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Note to My Sister from Notre Dame

By Fleda Brown Poetry

It didn’t help that the boys are Jewish, and the stone angels only clumsy halfway- hoverers, not as smart as electrons, quarks, or strings that turn like dazed rubber bands in a breeze. It didn’t help that we’d walked all over Paris first. Still, the rose window entered them: a complication, a shattering of light.…

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Notre Dame

By Fleda Brown Poetry

A shape less recognizable each week, A purpose more obscure. ________—Philip Larkin, “Church Going” In spite of fundamentalists, it keeps on being true, what Larkin said. I’m walking through with my Jewish daughter and her three boys, the stone and glass saying not a word to make any of us believe, but I’m seeing the…

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The Bar Mitzvah

By Fleda Brown Poetry

_____The row of goyim, that’s us, family of half the family, those who don’t talk of Israel at dinner, here because of fate, because of the strangeness of our children, because of this grandchild in his tallis, his kippot, words we read the leaflet to know. We watch the Torah lifted from its rainbow tomb,…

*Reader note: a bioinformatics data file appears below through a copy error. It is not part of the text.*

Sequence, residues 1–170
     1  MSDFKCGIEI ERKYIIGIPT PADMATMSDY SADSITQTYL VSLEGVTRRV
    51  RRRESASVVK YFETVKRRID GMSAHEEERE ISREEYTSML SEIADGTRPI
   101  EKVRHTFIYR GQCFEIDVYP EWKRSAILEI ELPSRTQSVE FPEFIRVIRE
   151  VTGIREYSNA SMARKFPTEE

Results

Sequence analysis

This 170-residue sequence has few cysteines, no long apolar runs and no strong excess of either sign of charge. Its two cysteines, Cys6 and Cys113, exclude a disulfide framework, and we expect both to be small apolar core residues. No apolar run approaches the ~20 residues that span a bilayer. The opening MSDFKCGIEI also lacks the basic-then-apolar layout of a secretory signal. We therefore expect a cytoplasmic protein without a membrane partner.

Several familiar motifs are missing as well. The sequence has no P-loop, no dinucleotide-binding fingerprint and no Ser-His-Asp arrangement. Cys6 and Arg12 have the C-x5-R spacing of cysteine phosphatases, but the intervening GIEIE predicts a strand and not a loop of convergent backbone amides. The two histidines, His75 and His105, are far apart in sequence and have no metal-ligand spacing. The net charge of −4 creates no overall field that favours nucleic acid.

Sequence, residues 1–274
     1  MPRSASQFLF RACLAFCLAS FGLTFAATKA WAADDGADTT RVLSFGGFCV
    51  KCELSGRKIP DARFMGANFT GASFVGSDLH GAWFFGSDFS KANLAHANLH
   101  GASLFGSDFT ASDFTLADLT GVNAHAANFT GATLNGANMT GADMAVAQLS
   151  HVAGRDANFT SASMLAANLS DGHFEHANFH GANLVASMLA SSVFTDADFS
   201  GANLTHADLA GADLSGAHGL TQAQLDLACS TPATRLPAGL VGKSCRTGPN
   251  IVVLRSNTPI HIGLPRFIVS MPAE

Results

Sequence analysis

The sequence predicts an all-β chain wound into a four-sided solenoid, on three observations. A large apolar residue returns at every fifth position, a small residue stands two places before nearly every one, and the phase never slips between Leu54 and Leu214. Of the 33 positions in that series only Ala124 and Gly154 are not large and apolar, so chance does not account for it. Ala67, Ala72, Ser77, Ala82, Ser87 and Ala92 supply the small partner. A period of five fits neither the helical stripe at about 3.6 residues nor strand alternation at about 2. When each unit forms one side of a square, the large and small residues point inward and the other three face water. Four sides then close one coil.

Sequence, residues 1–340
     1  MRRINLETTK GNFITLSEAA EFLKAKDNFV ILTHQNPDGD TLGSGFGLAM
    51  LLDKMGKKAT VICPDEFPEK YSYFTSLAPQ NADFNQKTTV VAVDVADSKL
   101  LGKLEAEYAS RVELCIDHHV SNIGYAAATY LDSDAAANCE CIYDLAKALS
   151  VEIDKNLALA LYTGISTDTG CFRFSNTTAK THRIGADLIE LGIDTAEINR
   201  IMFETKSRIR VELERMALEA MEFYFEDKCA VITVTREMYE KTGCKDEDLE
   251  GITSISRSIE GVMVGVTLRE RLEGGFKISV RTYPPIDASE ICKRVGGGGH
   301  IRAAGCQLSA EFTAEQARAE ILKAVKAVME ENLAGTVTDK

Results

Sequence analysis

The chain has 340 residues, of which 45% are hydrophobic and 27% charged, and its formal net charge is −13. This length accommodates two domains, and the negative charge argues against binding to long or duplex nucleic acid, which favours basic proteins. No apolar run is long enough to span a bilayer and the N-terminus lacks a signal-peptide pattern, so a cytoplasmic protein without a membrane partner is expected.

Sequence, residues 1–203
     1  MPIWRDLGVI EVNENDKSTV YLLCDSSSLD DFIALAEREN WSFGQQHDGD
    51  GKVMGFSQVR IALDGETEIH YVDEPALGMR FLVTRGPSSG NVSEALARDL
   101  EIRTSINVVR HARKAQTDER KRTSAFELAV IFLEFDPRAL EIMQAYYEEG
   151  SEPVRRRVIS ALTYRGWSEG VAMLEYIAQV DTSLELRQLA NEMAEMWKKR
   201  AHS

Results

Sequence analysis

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Learning the Crawl

By Fleda Brown Poetry

“There’s been a bloody murder out there.” J. points to the flung ring of feathers in the snow between houses, a bluish semitransparent sunkenness in the middle, a surprisingly beautiful swimming-pool color. I think swimming pool because at my age, I’ve learned to swim a decent crawl (I watched five YouTube videos for technique, how…

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Houghton Lake

By Fleda Brown Poetry

You can’t get away from pain, or your sister in pain, or the terrible wide doors of the handicap room. It will break your heart, the way she walks in the easy hotel pool, and then takes up her cane, to shuffle from chair to bed. We’ve picked two days halfway between our towns, to…

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Every Day I Touch Things

By Fleda Brown Poetry

Autumn came before I realized.                Sharpness flew up like gull-cries, the swan turned upside down in the water, pulling up grass,                rolling its big hips upward, which made me wonder if words are necessary for pleasure, if                without them, sparkles on the water would be useless baubles. I have so many of…

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Tiny Fish

By Fleda Brown Poetry

The children fish off the dock where the minnow-sized ones hover oblivious to the hook jutting from the badly threaded worm. The water’s clear enough to watch victims gather at the bait. One after the other, hauled in, tallied up, tossed back. When the hook goes deep into the throat, they give the tiny fish…

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